Rand Fishkin shocked us all on November 13 onstage at SMX East in NYC. I heard audible gasps at some slides – the anxiety climbing up our throats as he made his undeniable argument. Google is no longer “everyone’s search engine,” Fishkin asserted. They’re now “everyone’s competitor.”
It’s typically a good thing when you find out your website is ranking for a keyword you’ve been targeting, right?
But what happens when, upon further investigation, you learn that the page you wanted to rank for a particular keyword isn’t the page that Google wanted to rank? (And that it’s another page on your site altogether?)
Remember when Google introduced that giant model automotive ad format to advertisers a few years ago? Well, it appears the format might be expanding to more verticals.
What they look like. A version of this format with a carousel of images was spotted on mobile by Search Engine Land columnist Glenn Gabe, who heads G-Squared Interactive. The ad, for Nike, appeared on a non-brand query for “what are the best running sneakers.”
Google provides a number of free tools that seamlessly integrate with Jetpack-powered WordPress websites. These tools can help you deliver even better experiences to your website visitors.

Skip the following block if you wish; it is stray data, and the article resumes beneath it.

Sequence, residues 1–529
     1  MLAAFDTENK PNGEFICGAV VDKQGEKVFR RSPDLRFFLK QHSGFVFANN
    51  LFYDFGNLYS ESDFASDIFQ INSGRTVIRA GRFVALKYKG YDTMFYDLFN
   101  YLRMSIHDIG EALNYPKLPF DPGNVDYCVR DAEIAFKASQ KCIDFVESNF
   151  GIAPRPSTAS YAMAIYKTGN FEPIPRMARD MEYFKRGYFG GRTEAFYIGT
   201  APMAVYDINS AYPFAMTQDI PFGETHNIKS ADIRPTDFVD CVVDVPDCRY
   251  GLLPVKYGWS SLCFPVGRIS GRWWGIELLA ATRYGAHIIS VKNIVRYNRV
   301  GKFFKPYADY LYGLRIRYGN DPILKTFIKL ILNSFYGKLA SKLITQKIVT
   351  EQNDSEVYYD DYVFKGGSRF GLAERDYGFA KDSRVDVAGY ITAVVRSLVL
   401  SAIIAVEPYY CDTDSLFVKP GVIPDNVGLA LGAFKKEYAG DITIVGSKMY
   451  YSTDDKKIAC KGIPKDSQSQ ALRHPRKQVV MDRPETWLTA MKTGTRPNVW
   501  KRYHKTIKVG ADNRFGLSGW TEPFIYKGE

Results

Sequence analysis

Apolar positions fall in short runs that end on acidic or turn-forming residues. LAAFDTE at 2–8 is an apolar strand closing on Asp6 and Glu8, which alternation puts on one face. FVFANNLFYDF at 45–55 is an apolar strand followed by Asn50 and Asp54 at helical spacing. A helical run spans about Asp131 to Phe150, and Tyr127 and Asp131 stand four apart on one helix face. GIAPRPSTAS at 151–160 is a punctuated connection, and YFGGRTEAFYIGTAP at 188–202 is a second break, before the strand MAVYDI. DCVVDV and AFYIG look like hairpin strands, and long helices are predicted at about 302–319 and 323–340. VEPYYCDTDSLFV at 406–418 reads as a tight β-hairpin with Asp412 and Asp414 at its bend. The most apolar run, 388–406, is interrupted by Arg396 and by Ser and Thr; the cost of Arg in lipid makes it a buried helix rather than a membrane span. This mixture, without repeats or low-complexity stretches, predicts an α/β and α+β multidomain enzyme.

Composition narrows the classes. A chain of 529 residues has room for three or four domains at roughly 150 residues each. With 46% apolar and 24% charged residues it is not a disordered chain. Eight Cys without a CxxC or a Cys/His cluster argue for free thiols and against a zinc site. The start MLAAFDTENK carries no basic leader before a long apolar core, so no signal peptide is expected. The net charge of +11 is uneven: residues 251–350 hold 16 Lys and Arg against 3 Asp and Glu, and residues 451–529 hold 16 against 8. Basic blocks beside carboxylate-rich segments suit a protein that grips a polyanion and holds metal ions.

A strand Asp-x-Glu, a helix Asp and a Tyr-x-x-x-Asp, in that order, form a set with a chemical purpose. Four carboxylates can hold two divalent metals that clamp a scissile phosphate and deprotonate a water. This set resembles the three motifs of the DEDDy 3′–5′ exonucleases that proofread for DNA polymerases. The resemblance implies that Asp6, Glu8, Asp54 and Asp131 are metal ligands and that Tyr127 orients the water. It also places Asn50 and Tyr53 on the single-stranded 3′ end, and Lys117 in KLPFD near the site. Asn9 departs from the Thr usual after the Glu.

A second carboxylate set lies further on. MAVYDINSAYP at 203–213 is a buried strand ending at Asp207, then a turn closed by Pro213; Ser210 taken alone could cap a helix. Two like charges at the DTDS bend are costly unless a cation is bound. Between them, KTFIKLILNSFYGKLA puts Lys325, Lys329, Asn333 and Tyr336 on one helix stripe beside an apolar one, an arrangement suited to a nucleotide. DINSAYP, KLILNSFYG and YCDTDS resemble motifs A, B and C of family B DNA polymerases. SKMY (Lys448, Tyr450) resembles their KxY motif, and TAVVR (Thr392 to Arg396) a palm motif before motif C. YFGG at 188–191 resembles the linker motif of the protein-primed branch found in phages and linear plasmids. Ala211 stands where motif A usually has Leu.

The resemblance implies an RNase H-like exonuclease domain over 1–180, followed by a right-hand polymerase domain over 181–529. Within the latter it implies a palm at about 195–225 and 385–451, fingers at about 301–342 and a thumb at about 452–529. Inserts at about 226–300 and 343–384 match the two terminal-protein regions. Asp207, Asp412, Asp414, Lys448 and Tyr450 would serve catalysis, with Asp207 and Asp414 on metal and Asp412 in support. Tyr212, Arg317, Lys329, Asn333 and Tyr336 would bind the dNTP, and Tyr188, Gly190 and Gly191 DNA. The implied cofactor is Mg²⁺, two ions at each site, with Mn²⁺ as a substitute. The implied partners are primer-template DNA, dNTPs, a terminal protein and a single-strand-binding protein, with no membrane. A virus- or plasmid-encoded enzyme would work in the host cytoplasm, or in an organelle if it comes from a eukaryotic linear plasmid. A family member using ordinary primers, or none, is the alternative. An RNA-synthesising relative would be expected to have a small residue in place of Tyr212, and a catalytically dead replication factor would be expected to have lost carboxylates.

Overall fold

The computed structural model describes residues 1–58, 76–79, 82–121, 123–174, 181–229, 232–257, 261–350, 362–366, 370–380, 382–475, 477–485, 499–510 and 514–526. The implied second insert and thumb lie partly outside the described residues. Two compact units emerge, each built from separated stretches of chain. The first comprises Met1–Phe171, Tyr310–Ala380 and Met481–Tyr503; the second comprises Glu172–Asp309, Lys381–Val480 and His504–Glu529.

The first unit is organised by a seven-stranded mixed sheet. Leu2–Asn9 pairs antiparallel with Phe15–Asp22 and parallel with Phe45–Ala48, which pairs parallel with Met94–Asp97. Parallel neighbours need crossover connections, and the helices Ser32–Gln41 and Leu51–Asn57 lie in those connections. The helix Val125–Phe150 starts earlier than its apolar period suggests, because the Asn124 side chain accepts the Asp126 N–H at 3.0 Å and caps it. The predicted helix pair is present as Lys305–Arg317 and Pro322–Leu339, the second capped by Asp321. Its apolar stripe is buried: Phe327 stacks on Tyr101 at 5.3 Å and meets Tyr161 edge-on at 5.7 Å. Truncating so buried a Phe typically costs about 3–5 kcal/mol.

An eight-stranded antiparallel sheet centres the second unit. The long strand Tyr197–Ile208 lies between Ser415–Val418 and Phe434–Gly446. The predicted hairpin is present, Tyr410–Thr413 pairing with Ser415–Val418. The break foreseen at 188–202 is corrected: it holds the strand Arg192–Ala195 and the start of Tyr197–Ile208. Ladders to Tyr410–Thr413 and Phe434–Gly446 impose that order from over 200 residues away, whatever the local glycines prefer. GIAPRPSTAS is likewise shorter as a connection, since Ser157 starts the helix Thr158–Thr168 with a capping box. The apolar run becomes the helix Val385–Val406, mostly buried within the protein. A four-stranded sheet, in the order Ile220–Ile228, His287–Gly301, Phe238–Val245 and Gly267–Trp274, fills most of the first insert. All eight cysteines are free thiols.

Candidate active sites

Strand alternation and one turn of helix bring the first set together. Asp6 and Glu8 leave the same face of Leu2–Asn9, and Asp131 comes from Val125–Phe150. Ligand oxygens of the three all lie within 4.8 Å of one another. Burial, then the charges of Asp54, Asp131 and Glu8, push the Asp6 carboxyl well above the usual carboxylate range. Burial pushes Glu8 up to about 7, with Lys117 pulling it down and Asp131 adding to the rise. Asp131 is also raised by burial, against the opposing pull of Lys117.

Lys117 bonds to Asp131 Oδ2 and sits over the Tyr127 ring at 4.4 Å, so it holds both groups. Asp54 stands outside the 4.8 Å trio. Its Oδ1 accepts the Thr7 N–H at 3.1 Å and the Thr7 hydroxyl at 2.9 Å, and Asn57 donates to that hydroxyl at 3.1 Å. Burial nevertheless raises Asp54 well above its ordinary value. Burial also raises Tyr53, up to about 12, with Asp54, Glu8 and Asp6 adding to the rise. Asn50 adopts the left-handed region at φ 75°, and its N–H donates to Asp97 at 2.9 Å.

In turn, this can position you to accomplish your long and short-term goals, whether they’re increasing your site engagement, boosting your conversion rate, or successfully reaching a new audience segment.
Google is more than just a platform we use to drive traffic. It’s also one of the most important tools digital marketers and SEOs have at their fingertips. Whether I’m prospecting links or researching for my next piece of content, Google is vital to all I do. But just doing broad searches rarely delivers the results I want. That’s where search engine operators come in.
As part of a long term plan to push the web to adopt HTTPS encryption, Google Chrome is now marking all plain HTTP sites as “not secure,” as of July 24, 2018, with the release of Chrome 68. Previously, the “not secure” warning was hidden behind the security indicator in the URL bar. That warning has become more prominent with the release of Chrome 68. The browser now immediately displays the “Not secure” message in the omnibox for all HTTP pages. Today Google announced a time frame for eventually marking HTTP sites with a red “not secure” warning.